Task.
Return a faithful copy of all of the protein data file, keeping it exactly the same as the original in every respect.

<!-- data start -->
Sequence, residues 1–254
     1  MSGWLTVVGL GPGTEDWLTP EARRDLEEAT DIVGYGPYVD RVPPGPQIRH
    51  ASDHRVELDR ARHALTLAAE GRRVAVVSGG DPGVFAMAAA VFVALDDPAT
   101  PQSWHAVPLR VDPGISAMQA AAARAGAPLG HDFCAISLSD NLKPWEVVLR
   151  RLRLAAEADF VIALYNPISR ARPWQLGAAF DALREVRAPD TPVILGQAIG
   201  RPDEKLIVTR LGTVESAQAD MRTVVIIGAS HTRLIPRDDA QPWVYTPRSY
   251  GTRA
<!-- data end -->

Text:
Sequence, residues 1–254
     1  MSGWLTVVGL GPGTEDWLTP EARRDLEEAT DIVGYGPYVD RVPPGPQIRH
    51  ASDHRVELDR ARHALTLAAE GRRVAVVSGG DPGVFAMAAA VFVALDDPAT
   101  PQSWHAVPLR VDPGISAMQA AAARAGAPLG HDFCAISLSD NLKPWEVVLR
   151  RLRLAAEADF VIALYNPISR ARPWQLGAAF DALREVRAPD TPVILGQAIG
   201  RPDEKLIVTR LGTVESAQAD MRTVVIIGAS HTRLIPRDDA QPWVYTPRSY
   251  GTRA